“For very young children, I think it is still an open question as to how they’ll navigate these situations,” said Dr. Ruba, who studies how children learn to understand other people’s emotions. “Infants can use all these other cues, like tone of voice.”

  • Captive gorillas test positive for coronavirus

    Science | January 13, 2021

    “The fact that gorillas are susceptible to SARS-CoV-2 should come as no surprise,” says disease ecologist Tony Goldberg of the University of Wisconsin, Madison. “Fortunately, gorillas at zoos have excellent medical care, and most will likely pull through due to the efforts of dedicated veterinarians. That’s not the case for gorillas in the wild, though.”

  • What We Know (And Don’t) About The New Virus Variant

    WABE | January 13, 2021

    Thomas Friedrich, professor of virology at the University of Wisconsin-Madison, says a new, more transmissible variant of the virus that causes COVID-19 could have big implications for the pandemic in the U.S. if its starts spreading widely in the country.

  • Women and minorities in atmospheric science confront harassment, lack of inclusion

    The Washington Post | January 12, 2021

    “This is a climate we want to change,” said Erika Marin-Spiotta, a geography professor at the University of Wisconsin-Madison, at the American Meteorological Society’s 100th annual meeting, held last January in Boston.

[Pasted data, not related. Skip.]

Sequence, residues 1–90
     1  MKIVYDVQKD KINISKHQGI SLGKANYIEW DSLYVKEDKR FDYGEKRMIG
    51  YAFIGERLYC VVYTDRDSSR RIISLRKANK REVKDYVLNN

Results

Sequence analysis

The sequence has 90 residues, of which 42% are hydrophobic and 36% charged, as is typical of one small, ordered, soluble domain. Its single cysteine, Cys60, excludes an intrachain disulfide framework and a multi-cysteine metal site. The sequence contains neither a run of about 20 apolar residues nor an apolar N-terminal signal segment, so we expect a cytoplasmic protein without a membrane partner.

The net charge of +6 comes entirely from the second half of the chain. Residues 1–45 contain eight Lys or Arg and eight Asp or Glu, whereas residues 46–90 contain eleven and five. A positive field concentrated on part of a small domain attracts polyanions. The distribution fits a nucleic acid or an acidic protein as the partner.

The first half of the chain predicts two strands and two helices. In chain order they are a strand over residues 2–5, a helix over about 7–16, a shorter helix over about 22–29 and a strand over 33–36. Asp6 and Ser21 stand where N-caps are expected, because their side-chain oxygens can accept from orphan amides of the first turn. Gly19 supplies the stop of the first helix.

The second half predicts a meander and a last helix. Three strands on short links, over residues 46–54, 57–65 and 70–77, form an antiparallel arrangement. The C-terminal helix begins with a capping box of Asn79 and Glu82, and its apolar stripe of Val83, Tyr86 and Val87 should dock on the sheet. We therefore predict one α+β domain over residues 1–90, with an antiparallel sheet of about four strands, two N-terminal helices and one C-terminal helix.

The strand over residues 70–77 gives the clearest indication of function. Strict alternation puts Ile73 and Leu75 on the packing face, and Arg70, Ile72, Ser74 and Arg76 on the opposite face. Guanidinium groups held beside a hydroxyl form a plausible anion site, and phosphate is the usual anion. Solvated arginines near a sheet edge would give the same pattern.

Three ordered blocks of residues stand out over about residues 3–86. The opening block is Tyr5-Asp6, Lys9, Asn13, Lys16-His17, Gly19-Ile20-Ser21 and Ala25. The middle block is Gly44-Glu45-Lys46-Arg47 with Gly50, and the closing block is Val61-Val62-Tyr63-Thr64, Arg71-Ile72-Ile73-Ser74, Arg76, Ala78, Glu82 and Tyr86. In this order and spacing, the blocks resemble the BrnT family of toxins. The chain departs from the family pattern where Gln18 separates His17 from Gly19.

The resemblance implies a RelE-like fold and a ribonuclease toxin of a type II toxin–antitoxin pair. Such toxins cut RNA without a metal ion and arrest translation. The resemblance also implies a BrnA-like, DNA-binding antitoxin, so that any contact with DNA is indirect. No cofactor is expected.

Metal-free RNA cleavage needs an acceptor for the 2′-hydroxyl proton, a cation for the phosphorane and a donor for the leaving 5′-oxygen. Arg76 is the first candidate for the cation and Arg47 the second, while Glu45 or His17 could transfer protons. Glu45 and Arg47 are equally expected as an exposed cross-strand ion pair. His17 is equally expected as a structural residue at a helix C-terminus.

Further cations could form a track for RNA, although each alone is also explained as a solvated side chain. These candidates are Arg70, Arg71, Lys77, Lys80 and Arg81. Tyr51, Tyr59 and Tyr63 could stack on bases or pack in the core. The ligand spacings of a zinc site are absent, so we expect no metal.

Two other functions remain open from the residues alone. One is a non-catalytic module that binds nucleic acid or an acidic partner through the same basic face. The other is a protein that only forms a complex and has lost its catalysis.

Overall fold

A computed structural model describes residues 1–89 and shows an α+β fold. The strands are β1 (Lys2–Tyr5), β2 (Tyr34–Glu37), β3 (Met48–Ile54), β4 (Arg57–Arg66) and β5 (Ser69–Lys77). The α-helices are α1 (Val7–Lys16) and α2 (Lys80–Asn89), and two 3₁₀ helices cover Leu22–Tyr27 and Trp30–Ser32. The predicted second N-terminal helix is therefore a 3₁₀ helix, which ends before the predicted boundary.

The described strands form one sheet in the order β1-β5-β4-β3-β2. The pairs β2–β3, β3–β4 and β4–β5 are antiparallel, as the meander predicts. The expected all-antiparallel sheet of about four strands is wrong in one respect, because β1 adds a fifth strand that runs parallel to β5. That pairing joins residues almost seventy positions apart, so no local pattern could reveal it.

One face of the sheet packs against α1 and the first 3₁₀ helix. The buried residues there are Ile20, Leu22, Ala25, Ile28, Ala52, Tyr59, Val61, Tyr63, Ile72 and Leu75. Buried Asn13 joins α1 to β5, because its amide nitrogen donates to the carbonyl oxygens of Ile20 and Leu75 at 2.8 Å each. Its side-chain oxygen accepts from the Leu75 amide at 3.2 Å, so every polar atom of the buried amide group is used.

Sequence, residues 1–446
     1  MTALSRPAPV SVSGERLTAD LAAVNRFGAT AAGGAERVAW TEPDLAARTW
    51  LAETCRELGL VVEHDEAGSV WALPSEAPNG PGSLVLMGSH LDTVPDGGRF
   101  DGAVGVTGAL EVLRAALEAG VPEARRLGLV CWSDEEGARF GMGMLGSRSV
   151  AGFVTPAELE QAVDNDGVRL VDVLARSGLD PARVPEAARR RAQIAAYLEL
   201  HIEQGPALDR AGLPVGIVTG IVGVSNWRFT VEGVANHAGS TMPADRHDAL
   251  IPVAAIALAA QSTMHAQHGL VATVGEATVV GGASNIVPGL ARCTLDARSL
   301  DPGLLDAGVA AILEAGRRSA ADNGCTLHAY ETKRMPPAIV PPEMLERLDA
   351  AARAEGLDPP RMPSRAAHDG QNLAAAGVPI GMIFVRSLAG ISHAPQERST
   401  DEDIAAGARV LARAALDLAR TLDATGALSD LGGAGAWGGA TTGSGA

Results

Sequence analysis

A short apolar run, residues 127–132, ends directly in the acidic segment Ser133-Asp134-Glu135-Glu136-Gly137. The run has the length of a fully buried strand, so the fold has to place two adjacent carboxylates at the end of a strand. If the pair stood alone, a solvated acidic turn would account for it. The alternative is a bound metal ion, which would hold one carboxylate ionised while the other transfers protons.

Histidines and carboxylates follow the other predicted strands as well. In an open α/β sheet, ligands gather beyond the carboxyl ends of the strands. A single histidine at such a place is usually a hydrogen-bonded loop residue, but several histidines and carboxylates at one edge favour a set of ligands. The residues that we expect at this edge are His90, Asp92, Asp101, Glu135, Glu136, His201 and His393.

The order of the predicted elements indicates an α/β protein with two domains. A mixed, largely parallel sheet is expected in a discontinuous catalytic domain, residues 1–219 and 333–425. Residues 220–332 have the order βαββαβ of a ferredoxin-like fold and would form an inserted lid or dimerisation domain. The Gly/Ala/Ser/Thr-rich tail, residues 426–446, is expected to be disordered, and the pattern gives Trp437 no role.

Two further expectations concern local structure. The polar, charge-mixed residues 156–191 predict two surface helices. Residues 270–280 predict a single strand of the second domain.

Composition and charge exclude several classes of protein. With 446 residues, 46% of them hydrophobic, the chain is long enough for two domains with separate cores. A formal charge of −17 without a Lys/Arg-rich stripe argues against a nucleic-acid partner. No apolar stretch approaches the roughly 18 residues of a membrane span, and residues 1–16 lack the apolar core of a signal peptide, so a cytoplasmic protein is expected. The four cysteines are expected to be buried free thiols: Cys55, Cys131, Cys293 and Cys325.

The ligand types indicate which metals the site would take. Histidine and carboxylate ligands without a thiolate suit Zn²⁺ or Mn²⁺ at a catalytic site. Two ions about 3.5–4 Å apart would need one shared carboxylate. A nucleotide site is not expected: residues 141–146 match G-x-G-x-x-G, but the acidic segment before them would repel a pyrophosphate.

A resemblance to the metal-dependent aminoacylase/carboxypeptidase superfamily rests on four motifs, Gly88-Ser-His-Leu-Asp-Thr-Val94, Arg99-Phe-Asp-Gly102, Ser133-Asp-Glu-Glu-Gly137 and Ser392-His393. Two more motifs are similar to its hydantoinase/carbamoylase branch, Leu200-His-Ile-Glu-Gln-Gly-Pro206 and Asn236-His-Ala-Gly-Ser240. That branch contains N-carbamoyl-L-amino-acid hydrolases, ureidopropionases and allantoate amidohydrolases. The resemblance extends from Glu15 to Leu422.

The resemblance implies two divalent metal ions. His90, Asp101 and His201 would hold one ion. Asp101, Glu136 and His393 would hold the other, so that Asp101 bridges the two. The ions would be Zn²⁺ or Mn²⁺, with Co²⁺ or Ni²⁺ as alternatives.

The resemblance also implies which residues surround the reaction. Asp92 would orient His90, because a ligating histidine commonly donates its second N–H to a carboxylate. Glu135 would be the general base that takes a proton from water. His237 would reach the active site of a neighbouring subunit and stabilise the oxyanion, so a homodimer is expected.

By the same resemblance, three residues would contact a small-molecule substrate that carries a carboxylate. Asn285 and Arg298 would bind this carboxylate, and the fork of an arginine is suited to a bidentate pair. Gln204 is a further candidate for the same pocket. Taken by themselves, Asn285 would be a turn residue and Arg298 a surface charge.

• Are monarchs endangered? Scientists debate as United States mulls protection

    Science | January 11, 2021

    The U.S. Geological Survey (USGS) has estimated 6 hectares are required for monarchs to stay afloat in the long run. “Current monarch numbers are not sustainable,” says ecologist Karen Oberhauser of the University of Wisconsin, Madison.

  • Mitch McConnell says, accurately, that Joe Biden’s win wasn’t unusually close

    PolitiFact | January 11, 2021

    “The era of landslide elections appears to be behind us,” said Barry Burden, a University of Wisconsin-Madison political scientist. “The strengthening of partisanship in the electorate has dampened the magnitude of swings from one party to the other.”

  • Why Insect Extinction Should Bug You

    Discover Magazine | January 8, 2021

    “It’s relatively easy for folks to rally behind species with a cute appearance, a charismatic name or a compelling story,” says Patrick “PJ” Liesch, entomologist and director of the Insect Diagnostic Lab at the University of Wisconsin Madison. “However, for every cute or charismatic species in existence, there are many more species threatened with extinction that don’t get their moment in the spotlight. We should be concerned about all of those species as well — not just the ones catching the most headlines.”

  • How satellites are stopping deforestation in Africa